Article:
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Collage, Montage and Assemblage
The Architect and the Making of Architecture through Collage, Montage and Assemblage
Sjef van Hoof, Juliette Bekkering
Published Apr 14, 2021
Collage (as a noun)
A two-dimensional object resulting from the superimposition of images and materials of different nature
Collage (as a verb)
A method of representation and production of space replacing the sketch
Montage (as a verb)
The action of layering several and different materials or parts in order to create a two-and-a-half-dimensional object
Assemblage (as a verb)
A method of production of space by assembling building fragments to create a three-dimensional architectonic object.
In today’s world, the architect is no longer the leading figure in the design of a building but mainly an expert ‘figure’ within a large group of specialists. Compared to the past, thus the architect is no longer a key figure in the architectural design process, but the process itself. In the contemporary city, a lot of urban blocks and individual buildings give the impression that they have been simply constructed on their site without any connection with their close environment. They look like objects resulting from collages, montages, and assemblages of different approaches from various disciplines that have been unified through computer programs, e.g. BIM.
The goal of this paper is to use the “collage, montage, and assemblage” techniques in order to re-connect the architect’s creative process of analyzing and designing the building with the ‘making’ of the building. We’ll explain our approach through the description of a design workshop activity carried out in the city of Ankara (Turkey) within the Erasmus+ program titled ‘Materiart’.
The workshop: 3 actions
We structured the process in three phases, namely collage, montage, and assemblage.
In the first phase, students were asked to make nine collages on cardboard cards of 20x20 cm2, as a reflection on the scale of the city, by studying a 200x200m2 part of the city. The students worked in groups of three and took a whole day to make the first collage. The last was done in only five minutes. The first was a very rational and well-considered drawing, the last one was a collage made intuitively using leftover materials. The other collages were based on discussions, impressions, and drawings. Together all these collages provided a good representation of the character of the location. By studying three typical locations in the city, students created an interpretation of that part of the city. What was interesting was the unpredictability of the students’ actions when they started playing with the cards. First, the nine cards were arranged in a square, then students tried to decide what the interaction of the cards, in this shape implied. The students kept playing around with positioning the cards, with the shapes becoming more extreme: lines, cubes, even a card house. Each different card formation led to a different interpretation of the location, sometimes static, sometimes dynamic.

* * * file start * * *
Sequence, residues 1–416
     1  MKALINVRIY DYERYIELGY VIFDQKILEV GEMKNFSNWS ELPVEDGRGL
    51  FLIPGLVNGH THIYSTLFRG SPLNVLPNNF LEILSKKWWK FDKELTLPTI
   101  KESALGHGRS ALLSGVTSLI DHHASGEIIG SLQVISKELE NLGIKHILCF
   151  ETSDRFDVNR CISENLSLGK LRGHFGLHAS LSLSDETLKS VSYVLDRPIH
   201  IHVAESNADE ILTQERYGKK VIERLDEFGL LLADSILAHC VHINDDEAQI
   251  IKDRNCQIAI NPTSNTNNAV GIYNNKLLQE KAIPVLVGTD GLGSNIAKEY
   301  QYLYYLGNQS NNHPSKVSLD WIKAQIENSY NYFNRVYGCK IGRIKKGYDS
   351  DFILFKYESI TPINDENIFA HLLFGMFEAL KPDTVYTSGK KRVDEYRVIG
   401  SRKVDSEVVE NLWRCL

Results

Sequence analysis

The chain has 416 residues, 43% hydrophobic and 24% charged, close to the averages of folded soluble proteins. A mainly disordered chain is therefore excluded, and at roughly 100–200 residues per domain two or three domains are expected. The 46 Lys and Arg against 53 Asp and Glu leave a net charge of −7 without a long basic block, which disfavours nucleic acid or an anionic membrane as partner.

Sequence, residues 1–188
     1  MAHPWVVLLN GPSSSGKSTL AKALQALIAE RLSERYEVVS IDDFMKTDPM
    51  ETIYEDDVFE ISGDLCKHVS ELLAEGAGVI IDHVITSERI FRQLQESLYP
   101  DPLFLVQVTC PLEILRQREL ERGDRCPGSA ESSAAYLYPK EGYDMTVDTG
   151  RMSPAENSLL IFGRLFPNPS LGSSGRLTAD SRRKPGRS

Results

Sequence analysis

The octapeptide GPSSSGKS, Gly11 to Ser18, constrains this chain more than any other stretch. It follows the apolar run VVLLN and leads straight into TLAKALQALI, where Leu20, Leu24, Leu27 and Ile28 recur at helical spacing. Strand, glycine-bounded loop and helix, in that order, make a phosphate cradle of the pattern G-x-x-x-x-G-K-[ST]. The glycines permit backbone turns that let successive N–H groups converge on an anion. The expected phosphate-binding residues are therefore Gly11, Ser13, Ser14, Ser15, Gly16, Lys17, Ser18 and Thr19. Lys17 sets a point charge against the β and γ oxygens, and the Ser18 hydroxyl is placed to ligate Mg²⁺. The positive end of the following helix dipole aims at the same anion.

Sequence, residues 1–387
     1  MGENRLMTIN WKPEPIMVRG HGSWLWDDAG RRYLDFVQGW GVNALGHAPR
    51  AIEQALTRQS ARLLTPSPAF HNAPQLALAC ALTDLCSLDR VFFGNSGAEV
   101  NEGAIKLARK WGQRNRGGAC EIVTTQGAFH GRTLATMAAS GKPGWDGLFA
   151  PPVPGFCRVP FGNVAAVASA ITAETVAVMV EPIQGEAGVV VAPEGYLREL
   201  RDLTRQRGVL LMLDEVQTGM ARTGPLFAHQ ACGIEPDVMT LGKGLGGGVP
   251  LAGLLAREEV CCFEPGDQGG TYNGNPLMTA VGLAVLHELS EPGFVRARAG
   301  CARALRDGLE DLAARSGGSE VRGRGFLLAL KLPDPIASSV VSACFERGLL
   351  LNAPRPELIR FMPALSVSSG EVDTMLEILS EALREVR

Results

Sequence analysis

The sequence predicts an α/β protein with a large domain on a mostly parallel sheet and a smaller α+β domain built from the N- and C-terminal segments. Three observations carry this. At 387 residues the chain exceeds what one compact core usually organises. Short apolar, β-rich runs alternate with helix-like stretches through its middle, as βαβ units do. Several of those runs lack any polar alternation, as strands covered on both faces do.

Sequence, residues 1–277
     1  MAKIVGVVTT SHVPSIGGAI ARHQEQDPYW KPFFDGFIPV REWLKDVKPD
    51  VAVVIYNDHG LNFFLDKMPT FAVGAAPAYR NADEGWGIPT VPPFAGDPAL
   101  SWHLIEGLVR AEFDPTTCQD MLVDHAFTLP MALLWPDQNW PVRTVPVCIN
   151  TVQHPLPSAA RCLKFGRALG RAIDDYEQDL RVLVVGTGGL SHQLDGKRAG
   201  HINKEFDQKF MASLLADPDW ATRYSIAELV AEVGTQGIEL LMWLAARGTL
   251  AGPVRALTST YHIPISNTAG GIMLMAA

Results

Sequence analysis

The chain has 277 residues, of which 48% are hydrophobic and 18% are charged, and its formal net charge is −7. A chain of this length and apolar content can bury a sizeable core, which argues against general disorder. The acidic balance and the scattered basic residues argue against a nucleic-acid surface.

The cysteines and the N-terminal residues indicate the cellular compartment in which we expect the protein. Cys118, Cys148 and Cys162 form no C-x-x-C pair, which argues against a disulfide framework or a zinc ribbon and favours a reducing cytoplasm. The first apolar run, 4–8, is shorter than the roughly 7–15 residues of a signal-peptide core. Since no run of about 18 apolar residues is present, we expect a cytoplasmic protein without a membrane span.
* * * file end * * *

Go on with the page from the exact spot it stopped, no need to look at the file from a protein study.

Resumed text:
In the second phase, the study focused on the scale of the façade and the detail of a typical representative building in the researched areas. After drawing the existing façade, students zoomed in on a segment. This part was rebuilt as a model in three dimensions. This led to the discovery that the façades at the location we were researching were not necessarily a reflection of the function of the buildings in the site-specific, but rather a means to convey a certain impression e.g. grandeur. One could consider this as a montage of façades in layers.
In the next step, the students redesigned this fragment of façade according to two extra conditions: the first one related to sustainability principles, like collecting rainwater or producing energy; the second one required the student to take a design approach which was the opposite of the architecture of the existing facade.
The newly designed fragments were represented through three-dimensional models, with the same measurements as the collage cards. The result added a new layer to the initial impressions of the city.
The third phase consisted of the design of a building in the researched area. The students made use of the collage cards and the façade fragments to reflect on, to get inspired, and even as a toolbox to design the building. The main aim was not the function of the building, but its contribution to the city and its interaction with the surrounding environment. The students worked directly with modelling in three dimensions, shaping the buildings at the same time from the outside as well as from the inside, as a total object. The model represented the building within the scale of the neighborhood.
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